When you have done this you need to put them in groups of 9 (each parallel group) that add up to the same Ah lost when averaged. So all the parallel groups are as similar as possible when added up. You will have 8 bags/ boxes with 9 cells in each with similar average self discharge levels.

When you get this far email me or post here! I may have a page up by then.

This is for group 24.

For group 34 it doesent work out well, and is an awkward configuration. With 56x 12 Ah cells. Thats 28 per block but it can still be done.

For 22nf it can also still be done with less 10 Ah cells but ends up with each pack about 12mm wider. This may or may not matter. A tape measure will tell you.
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Re: Step by step lithium conversion?

Postby Step » 04 Feb 2012, 20:09

I am.
And I think anyone in a powerchair should be.
Most people get by with 'normal' 24v systems. Reprogrammed or not.
Some because it really does what they need, some because they don't know they can make their own chair or because they can't.
They all know the limits of their batteries though.
If the industry is not ready to offer the option to go lithium, it'd be great to know there's a place that you can find out how to do it.
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Re: Step by step lithium conversion?

Postby Burgerman » 04 Feb 2012, 20:17

Actually going to lithium and getting 2 to 3x the range realistically, and 2000 cycles is dead easy. Once I persuaded them to up the Ah limits on the hyperion amongst other changes...

The hardest part is making a balance cable that works reliably, and connects and disconnects easily. And accepting that the chairs controller will read battery state wrong, and MAY give errors. Although I doubt it.

Its going to more volts, roboteq controllers, etc thats a bit complicated... The lithium battery is simple.
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Re: Step by step lithium conversion?

Postby popschief » 04 Feb 2012, 20:45

When I see all the gimmicky little toys using these batteries it makes me a little sad. :cry:
Here we are in a world full of people in our situation without access to the benefits of
Lithium power and there are kids running around on skateboards and tiny wheel'd scooters
doing 15 mph. Don't they know there's a speed limit? :lol: But seriously my next chair
project will be from scratch and nothing but lithium will be appropriate thanks to the BM
movement. :geek:
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Re: Step by step lithium conversion?

Postby Burgerman » 04 Feb 2012, 20:52

I need a set of batteries for my BM1 chair.
Advantages/costs:

2x PC1500 Odyssey 68 Ah (about 45Ah is usable)
112 lb
1 year or 400 cycles @ 80%
Overnight for full charge.
15 Miles range
£450 UK

Headway 72 cell pack 108 Ah (all 108 is usable) Group 24 sized packs.
58 lb
10 year or greater expected and 2000 cycles @ 80 percent.
Full charge at 5C in around 15 mins, but 4 hours with hyperion typical to 100 percent.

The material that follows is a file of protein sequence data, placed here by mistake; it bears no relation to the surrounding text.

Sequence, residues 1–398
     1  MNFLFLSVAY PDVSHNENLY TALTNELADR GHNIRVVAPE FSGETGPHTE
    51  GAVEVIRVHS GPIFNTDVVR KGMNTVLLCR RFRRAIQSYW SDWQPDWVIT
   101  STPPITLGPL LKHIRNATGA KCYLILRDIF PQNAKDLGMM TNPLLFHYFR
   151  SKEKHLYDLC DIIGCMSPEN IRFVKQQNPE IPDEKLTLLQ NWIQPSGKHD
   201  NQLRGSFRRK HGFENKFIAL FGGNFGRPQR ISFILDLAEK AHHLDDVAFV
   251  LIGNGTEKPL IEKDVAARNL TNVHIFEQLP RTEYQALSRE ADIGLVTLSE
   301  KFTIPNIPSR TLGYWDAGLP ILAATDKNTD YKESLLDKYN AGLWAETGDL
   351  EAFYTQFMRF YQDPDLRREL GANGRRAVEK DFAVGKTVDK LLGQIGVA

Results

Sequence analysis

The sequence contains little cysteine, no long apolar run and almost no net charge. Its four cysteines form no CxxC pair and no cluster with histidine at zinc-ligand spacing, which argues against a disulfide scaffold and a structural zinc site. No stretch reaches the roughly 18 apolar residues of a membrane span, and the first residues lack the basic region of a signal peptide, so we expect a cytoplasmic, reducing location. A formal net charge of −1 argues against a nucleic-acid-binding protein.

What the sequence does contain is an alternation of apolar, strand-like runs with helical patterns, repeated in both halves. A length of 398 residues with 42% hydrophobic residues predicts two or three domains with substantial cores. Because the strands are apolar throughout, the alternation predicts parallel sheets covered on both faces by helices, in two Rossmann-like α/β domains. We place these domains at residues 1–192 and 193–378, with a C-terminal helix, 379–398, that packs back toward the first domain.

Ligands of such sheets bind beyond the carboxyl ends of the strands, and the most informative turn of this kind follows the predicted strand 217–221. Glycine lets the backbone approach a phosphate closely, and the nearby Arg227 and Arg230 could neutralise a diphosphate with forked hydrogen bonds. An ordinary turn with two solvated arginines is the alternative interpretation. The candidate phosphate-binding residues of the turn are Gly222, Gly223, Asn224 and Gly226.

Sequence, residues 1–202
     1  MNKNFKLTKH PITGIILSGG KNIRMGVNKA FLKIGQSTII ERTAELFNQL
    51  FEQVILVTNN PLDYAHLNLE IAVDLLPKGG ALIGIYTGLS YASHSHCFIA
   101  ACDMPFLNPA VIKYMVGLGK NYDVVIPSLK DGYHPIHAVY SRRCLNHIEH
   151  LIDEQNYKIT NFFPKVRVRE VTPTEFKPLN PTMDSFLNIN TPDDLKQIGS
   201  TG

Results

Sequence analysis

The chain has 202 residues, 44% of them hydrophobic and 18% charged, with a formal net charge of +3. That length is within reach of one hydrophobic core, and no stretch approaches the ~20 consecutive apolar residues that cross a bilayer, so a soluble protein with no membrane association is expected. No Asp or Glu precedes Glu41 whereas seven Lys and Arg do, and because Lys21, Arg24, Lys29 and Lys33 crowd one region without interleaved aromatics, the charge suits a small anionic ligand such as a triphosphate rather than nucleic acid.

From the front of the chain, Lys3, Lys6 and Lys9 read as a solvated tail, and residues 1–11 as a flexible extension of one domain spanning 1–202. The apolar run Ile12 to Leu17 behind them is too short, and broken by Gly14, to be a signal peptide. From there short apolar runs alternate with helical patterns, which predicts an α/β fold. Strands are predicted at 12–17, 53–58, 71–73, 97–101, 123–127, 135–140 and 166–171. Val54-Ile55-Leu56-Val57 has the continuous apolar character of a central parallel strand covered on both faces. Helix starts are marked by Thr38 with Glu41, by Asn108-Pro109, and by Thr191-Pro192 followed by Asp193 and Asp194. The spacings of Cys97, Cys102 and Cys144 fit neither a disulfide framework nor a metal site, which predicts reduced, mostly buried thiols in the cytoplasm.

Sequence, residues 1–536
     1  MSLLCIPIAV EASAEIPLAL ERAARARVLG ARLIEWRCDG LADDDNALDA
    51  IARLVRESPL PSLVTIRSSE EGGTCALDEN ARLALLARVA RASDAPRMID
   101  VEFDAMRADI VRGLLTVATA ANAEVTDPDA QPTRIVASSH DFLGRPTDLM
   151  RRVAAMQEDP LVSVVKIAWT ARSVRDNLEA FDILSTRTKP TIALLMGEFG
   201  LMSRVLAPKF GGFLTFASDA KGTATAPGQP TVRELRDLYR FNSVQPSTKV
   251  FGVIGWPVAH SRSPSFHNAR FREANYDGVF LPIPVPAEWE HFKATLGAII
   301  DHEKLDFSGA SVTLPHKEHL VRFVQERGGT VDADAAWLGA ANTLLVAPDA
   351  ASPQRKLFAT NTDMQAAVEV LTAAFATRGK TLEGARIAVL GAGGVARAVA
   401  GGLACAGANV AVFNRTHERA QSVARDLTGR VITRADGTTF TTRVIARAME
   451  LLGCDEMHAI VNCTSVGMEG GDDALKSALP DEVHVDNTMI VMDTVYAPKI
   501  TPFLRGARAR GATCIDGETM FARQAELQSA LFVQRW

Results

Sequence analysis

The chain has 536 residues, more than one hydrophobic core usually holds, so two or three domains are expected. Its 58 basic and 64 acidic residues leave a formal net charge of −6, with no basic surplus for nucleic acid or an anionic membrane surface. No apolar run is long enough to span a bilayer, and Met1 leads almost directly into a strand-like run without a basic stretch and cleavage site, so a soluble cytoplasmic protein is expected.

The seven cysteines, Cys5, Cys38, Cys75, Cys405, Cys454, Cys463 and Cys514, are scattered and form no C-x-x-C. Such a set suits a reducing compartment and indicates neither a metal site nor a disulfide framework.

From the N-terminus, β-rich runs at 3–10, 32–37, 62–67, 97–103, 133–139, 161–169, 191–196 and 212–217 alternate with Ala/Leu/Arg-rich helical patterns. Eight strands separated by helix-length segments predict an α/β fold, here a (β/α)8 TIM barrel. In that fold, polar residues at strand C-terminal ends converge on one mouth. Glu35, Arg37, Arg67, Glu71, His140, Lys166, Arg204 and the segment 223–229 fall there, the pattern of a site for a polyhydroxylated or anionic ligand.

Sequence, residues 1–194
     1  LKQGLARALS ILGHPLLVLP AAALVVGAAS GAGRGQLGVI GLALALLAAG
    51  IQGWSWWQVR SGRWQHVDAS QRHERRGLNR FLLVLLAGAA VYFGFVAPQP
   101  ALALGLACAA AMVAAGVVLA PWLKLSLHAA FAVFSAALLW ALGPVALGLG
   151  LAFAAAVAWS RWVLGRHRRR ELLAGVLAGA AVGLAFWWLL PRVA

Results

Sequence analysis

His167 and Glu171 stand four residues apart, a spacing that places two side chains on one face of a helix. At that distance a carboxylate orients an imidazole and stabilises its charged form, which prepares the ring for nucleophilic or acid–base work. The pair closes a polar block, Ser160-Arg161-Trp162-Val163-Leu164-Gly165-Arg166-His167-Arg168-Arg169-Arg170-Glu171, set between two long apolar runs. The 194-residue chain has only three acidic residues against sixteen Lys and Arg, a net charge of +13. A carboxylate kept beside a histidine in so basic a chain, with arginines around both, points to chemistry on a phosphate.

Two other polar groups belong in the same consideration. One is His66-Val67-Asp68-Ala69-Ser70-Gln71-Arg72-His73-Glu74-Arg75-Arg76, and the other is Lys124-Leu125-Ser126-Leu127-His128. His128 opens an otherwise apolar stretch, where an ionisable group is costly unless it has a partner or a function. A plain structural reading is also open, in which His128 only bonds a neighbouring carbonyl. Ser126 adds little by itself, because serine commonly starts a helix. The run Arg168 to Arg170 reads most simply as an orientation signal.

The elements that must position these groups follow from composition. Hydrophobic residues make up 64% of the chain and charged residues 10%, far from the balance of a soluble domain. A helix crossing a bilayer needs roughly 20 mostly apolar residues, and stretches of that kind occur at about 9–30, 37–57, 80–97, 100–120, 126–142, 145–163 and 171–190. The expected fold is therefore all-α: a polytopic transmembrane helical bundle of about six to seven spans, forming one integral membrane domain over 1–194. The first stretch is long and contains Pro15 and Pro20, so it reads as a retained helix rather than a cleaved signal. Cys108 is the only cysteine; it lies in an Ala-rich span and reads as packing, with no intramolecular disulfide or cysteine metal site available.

38 miles range + due to reduced weight.
£ under 1 k?

About twice the price, but 5 to 10 times service life, 2.5 times the range, much better high load performance, much faster charging. = No brainer...
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Re: Step by step lithium conversion?

Postby Burgerman » 04 Feb 2012, 20:54

OK I will do a page... And update it with the pics once I get more stuff ordered!
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Re: Step by step lithium conversion?

Postby Burgerman » 04 Feb 2012, 21:26

For those that want to do this today, heres how they connect... They just plug together in blocks, like LEGO.

You want two batteries, laid out as shown: 6 cells x 6 cells like this. It will give you a group 24 shaped plock that is 30mm shorter in length. And half the weight:
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Re: Step by step lithium conversion?

Postby Burgerman » 04 Feb 2012, 22:38

Me x10, I think this is my next move for my BM2


BM2 wasnt designed specifically for lithiums. You may have a problem with height at the front with 6x6 lithium packs. These are 240mm tall. And unlike the later lithium freindly BM3 centre section, there are full flat sides, no bolts protruding or anything that can touch the battery ends or bus bars. So while it may fit, it may need some care or adjustments to be sure that it fits, or that it doesent short out on say motor bolts.

On the BM3 there are full sized flat sides. And the orange "building blocks" have pins protruding to hold the terminals away from the sides. In the unligely event of a terminal bolt comming undone, and contacting the side I have taken another precaution. I threw away 78 x 2 6mm screws. And replaced them with stainless allen screws. These are easy to correctly tighten to a 5lb ft torque setting, and each one has a nylon cap hammered into the end. So even undone, it cannot touch the sides...

You wouldnt want that happening!

Just so you understand the differences.

If the height is a problem then you need to build 2 group 34 replacements instead. This has 8 cells rather than 9 in each parallel group. So 64 in total. But it makes non "block" packs. More wasteful of space.
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Re: Step by step lithium conversion?

Postby Seajays » 05 Feb 2012, 00:45

I would have to go with group 34 for lack of funds to build BM3. My Odysseys are only 6 months old so I have a while.
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Re: Step by step lithium conversion?

Postby Mr T » 05 Feb 2012, 01:27

Count me in please!
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Re: Step by step lithium conversion?

Postby ex-Gooserider » 05 Feb 2012, 07:12